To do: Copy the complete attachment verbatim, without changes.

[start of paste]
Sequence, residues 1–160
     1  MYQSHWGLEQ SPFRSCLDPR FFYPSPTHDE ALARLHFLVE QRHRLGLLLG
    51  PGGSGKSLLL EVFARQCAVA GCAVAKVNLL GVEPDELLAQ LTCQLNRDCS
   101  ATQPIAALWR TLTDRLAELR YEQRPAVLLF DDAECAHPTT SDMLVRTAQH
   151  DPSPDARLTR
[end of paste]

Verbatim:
Sequence, residues 1–160
     1  MYQSHWGLEQ SPFRSCLDPR FFYPSPTHDE ALARLHFLVE QRHRLGLLLG
    51  PGGSGKSLLL EVFARQCAVA GCAVAKVNLL GVEPDELLAQ LTCQLNRDCS
   101  ATQPIAALWR TLTDRLAELR YEQRPAVLLF DDAECAHPTT SDMLVRTAQH
   151  DPSPDARLTR